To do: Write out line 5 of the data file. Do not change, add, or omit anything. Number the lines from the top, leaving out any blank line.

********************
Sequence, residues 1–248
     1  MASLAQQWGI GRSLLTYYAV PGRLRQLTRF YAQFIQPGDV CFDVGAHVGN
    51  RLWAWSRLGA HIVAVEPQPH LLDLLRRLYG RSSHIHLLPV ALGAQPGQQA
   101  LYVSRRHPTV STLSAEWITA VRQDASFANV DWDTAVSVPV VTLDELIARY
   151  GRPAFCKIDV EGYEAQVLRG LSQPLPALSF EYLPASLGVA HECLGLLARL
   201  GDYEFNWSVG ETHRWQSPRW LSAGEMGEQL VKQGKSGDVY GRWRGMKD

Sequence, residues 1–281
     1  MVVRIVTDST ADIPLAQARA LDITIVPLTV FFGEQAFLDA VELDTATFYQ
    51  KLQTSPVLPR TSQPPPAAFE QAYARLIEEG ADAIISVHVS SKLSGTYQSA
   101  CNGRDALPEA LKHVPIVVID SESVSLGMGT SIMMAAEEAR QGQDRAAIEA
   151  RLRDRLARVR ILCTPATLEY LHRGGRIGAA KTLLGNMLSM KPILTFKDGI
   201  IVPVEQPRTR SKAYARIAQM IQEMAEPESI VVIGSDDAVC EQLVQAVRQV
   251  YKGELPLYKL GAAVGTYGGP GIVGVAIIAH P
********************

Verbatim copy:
   151  GRPAFCKIDV EGYEAQVLRG LSQPLPALSF EYLPASLGVA HECLGLLARL